Filled to the ankles.

The next test helped me narrow down the leaks. Following advice from a friend, I smeared liquid soap all over the zippers and their seams. I then inflated it - with deep chest breaths, no pump, because I didn't have one with me - and then squeezed the body much as I had before.

I have to say, by this point my technique in compressing the drysuit to check different areas of its surface was much refined.

Lo and behold, little bubbles of soap appeared, in varying sizes, along the chest.





So, clearly not the zipper itself, but the seams around it.

If you look on the other side, you can see where there's just not much backing up the stitching.



The next step is to see if there is a good way to re-seal that seam. I'm guessing AquaSeal, or something similar, but I want to take time to consider how best to make it a continuous, singular spread. I don't want any gaps in coverage.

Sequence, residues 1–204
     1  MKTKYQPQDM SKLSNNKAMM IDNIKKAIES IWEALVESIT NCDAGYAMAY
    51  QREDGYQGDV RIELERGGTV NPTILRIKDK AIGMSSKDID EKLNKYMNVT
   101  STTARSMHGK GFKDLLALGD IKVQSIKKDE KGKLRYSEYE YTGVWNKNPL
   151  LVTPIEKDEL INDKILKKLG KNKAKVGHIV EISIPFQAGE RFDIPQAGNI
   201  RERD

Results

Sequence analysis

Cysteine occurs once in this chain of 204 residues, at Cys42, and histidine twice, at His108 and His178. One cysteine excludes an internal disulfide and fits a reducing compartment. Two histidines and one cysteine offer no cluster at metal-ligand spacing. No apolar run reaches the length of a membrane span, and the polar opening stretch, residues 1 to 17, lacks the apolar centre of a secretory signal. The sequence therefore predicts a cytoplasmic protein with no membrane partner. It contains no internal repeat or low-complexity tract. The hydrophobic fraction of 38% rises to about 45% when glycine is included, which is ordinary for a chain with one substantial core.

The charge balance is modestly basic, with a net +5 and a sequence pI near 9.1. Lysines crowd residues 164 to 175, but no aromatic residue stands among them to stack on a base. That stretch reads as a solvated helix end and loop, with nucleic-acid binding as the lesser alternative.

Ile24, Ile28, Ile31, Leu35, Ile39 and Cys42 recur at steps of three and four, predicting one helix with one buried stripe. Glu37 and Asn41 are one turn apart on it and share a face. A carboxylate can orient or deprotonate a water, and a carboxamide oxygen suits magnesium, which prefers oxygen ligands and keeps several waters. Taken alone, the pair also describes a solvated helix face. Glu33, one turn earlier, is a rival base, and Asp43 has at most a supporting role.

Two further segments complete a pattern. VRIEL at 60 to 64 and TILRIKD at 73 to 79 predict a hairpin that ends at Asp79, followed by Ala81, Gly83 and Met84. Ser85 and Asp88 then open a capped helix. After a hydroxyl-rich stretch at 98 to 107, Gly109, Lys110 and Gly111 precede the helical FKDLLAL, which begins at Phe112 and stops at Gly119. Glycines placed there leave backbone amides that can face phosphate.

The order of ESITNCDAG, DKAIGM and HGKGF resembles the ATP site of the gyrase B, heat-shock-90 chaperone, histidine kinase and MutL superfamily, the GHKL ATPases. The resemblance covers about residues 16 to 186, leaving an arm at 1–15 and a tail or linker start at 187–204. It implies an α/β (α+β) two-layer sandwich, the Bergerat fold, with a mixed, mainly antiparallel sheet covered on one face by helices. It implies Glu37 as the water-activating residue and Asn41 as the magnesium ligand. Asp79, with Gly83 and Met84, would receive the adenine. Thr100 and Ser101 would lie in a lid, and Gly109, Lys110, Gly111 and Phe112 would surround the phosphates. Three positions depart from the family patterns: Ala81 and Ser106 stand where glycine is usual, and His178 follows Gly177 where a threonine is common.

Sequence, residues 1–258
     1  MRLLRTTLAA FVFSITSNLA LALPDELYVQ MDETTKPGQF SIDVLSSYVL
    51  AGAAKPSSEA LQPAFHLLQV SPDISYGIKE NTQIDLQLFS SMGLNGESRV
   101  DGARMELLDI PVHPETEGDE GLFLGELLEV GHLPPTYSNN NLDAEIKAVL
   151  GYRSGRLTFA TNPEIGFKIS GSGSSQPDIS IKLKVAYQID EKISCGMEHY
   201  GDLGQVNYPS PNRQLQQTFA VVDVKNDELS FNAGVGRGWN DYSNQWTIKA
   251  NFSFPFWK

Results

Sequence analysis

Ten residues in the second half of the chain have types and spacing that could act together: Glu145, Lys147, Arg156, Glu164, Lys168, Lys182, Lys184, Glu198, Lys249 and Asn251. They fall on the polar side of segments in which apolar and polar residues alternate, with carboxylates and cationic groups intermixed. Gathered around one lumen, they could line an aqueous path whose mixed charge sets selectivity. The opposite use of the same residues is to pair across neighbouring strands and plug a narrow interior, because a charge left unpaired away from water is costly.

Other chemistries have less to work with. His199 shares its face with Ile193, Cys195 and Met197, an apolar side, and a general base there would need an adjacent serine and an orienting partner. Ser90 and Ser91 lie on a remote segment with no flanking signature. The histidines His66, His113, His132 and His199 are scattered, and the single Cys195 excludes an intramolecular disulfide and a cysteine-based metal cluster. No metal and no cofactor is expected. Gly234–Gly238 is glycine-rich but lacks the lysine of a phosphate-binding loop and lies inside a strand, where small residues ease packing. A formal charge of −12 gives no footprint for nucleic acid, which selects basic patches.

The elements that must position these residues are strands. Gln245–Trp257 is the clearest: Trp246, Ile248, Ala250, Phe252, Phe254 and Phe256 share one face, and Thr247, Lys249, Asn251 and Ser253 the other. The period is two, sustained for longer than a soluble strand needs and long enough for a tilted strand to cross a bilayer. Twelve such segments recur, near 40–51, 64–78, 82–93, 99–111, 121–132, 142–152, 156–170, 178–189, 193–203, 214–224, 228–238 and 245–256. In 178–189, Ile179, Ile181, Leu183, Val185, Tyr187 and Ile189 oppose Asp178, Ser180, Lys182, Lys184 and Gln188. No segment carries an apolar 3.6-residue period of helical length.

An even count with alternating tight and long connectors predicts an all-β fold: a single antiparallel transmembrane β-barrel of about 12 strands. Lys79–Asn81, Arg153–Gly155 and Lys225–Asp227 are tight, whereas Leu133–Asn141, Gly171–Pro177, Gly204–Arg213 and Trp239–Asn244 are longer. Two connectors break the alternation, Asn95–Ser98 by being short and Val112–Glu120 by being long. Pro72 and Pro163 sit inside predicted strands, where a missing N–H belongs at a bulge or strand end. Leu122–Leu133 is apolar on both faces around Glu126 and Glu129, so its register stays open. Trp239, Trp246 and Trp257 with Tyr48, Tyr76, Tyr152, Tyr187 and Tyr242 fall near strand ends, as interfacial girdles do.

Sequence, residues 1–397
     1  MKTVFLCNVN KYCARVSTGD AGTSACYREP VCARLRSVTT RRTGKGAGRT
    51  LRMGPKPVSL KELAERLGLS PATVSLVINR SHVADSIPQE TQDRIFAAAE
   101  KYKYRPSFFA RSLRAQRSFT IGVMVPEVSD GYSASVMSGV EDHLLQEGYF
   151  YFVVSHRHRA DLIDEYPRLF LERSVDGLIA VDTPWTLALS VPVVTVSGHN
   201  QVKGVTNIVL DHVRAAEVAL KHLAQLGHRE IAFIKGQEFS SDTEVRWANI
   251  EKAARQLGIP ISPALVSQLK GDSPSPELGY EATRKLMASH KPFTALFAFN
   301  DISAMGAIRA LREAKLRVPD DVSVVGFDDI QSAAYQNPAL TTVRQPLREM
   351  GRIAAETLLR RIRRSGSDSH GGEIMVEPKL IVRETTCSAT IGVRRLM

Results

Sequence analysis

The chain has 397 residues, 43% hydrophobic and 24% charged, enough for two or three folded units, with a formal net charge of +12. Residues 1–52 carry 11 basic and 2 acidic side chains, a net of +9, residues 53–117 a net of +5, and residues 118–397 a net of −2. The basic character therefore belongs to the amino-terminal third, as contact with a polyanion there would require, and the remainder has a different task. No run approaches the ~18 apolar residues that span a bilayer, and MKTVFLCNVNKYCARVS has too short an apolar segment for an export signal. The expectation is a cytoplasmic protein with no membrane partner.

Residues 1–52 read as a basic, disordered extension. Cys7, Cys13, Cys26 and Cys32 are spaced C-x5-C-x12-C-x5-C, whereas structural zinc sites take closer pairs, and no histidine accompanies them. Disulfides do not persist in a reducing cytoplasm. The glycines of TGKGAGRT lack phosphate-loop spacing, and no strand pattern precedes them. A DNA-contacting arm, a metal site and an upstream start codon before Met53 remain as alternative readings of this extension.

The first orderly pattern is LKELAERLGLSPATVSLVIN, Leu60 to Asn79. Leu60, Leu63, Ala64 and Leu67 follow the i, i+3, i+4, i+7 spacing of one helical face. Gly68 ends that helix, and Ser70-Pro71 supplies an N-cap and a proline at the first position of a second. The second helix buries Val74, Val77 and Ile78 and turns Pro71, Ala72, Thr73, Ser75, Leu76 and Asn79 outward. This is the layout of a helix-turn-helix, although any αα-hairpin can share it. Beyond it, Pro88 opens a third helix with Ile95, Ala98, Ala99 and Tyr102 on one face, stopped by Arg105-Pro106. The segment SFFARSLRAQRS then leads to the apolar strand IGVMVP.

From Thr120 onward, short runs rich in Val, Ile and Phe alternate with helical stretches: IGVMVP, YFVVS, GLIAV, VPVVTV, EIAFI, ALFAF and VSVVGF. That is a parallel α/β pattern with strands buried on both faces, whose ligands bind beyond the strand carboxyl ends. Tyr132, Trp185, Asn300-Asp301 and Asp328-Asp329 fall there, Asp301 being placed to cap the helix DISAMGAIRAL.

Saturday, March 11, 2017

Safely Sharing Waterways

Recently, The National Transportation Safety Board (NTSB) released a report on boater safety, including the challenges in sharing waterways between commercial traffic, recreational boats (motors and sails) and, of course, paddle craft.

The entire thing is quite a good read. You can find a good summary here, and the full report in PDF form here. Fellow paddler and NYC blogger Frogma has a post up about a recent experience she had with a group in low visibility, sharing the waterways; nothing terrible happened. There's no reason these waters can't be shared.

There is a lot to unpack from the report and its summary. Setting aside the typo of "waived" for "waved" early in the document, I thought I'd write up what I see in what they came up with. What's in italics in this post is lifted directly from the report.


There are three organizations that are referred to throughout the document, sometimes by name, sometimes by acronym. The USCG is the United States Coast Guard; NASBLA is the National Association of State Boating Law Administrators; NWSC is the National Water Safety Congress.

Who are these people?

Well, the Coast Guard is the Coast Guard; they're a branch of the American military that falls under Homeland Security. My brother was an active USCG member and is finishing up as a reservist with the rank of chief; their main role is law enforcement and SAR (Search And Rescue). Also, icebreaking.